My friend Ruby sent me this quote today - with her addition. I'm not one to reminisce about my past year at this time (though I might comment it was one of the most extraordinary years of my life) nor compile top ten lists of anything wrapping up the last year in a bow.
I do like the idea of a theme for the new year, as Colleen aka Communicatrix writes. And I have a short list of interrelated intentions for the upcoming year.
Yesterday I picked up the head-over-heels-fest-over-social-media issue of Time magazine. The mylar mirror shimmies on the front cover. Maybe that's why I buy it. The sheen of radiant diamonds. (I'd been a wee bit happier if the Time Person of the Year was We. Anyhow, later, about this Time cover story & issue. Check it out yourself.)
In the issue, there's an ad for diamonds in there. It teases: "Speak Love Fluently."
And there you have it. That's my overriding ambition for next year: Speak Love Fluently - and I'll give that a crack without showering diamonds on anyone.
In one of my favorite business books of all time, The Diamond Cutter, the author applies Buddhist principles of openheartedness that he cultivated in the monastery and gets down to brass tacks by running a successful jewelry house in the diamond district of New York City. He never once uttered a single word about the dharma while employed. No one knew he'd lived and was still commuting daily from the monastery. He exuded it in his actions and speech and non-actions and non-speech.
In The Alchemist, Coelho refers to the language of the Universe repeatedly in Santiago's wandering quest for a buried treasure revealed in a dream nestled among the pyramids. It was in the songs, the scents of the caravan across the Sahara, the gypsy fortune-teller, in the stirring of his emotions, the crystal glasses he filled with tea and served to passersby, in his every wayward step to Egypt. Yes, there is an alchemy in outpouring love and reading love's signs embroidered everywhere in clear view.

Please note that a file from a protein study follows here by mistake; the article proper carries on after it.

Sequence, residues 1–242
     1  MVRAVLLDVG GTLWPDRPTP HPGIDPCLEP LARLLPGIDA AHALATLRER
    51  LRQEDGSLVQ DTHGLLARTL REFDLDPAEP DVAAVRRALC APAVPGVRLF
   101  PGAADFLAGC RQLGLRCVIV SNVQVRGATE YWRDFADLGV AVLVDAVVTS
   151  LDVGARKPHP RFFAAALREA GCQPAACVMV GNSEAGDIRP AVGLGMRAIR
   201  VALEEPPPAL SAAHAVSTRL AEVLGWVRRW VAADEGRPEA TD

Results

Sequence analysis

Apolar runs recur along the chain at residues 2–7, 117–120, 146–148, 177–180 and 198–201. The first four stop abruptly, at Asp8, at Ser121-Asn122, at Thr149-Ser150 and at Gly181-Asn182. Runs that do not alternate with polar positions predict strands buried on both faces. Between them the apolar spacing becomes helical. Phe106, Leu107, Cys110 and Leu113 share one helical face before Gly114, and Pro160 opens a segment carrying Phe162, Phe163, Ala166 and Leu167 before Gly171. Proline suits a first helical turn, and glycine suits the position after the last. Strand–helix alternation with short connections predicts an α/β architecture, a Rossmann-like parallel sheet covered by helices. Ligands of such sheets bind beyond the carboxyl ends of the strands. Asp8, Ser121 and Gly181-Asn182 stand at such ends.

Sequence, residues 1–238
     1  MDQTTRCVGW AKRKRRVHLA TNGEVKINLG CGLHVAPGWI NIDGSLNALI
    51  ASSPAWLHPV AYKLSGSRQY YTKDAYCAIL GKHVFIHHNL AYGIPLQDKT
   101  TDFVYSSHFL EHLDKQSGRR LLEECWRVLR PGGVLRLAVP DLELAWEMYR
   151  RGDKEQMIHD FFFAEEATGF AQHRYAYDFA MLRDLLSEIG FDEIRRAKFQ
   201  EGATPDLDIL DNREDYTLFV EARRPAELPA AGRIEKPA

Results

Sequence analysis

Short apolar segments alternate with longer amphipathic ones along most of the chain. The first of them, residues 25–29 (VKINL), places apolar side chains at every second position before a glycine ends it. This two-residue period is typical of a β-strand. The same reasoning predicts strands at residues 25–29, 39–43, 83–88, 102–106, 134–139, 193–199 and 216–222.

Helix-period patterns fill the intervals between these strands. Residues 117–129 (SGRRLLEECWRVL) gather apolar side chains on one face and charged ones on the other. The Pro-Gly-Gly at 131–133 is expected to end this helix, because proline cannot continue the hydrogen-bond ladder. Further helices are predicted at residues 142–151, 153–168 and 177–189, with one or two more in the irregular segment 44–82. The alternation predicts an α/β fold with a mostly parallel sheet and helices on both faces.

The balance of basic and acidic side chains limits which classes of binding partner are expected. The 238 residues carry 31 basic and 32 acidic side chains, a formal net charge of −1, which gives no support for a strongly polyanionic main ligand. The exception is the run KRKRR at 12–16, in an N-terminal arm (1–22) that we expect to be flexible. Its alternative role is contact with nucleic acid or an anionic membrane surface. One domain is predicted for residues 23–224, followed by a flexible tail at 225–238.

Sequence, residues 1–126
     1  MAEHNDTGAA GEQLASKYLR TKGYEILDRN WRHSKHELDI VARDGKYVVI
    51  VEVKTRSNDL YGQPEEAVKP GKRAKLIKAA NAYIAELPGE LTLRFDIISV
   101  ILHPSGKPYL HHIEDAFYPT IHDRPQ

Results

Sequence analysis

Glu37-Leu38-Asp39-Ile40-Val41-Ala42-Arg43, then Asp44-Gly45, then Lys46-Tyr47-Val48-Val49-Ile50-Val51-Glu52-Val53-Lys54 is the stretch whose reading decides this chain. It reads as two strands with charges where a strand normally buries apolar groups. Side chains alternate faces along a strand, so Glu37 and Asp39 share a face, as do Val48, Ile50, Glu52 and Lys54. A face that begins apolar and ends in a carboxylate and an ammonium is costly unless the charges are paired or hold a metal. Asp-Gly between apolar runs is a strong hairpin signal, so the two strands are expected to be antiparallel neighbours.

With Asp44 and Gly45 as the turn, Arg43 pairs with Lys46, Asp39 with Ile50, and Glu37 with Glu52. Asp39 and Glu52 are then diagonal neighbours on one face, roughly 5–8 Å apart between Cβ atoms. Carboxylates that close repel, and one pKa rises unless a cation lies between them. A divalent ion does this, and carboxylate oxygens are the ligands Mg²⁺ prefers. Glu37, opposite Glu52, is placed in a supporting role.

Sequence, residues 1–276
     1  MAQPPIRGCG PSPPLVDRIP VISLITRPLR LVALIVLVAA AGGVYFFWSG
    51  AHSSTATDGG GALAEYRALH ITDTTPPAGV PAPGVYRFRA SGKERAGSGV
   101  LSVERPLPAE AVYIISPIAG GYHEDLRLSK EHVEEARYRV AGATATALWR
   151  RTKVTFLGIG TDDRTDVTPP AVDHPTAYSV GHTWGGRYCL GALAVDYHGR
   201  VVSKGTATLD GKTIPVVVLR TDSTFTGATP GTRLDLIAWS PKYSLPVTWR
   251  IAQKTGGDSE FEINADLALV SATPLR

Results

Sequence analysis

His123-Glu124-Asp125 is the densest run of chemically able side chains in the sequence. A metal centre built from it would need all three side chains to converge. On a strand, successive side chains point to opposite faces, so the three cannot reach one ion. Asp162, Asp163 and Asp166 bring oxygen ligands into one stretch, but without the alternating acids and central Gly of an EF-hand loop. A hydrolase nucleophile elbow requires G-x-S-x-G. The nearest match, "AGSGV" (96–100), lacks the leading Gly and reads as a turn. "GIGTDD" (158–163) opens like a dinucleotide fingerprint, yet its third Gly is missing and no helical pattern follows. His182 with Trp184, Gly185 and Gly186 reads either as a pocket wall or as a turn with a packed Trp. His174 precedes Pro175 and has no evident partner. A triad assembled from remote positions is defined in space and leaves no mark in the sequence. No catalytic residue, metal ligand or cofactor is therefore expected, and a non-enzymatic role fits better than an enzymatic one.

For where your treasure is, there your heart will be also. - Luke 12:34
This is not a foreign language, although it seems like it was almost lost, like Gaelic once was nearly lost.
I was halting this year, not exactly polished, not sure if the accent of control betrayed my journey to the yielding field: "Out beyond ideas of wrong doing and right doing, there is a field, I'll meet you there," prayed Rumi.
To speak clearly (and actions speak louder), in a universal language, that is my overarching vision for 2007 whether the medium is poetry, tea or social media it doesn't matter; a language so intimate needs no translation.
There are times I have been in the mood for sushi. Sometimes I am in the mood for Sufi. Sometimes I am in the mood for pad thai. And sometimes I am in the mood for Kabbalah. It wholly depends on the company at the table. They call this cafeteria spirituality, I shrug. And I've never been able to get any of my blog posts accepted into a Buddhist blog carnival either, I bow.
"Too few of us, perhaps, feel that the breaking of bread, the sharing of salt, the common dipping into one bowl, mean more than satisfaction of a need." - Chinese poet Yuan Mei
Dan was deliberate and quick: "You love the thing in front of you." There was a drawn watery silence.
Yes, yes, it's that simple, and that hard.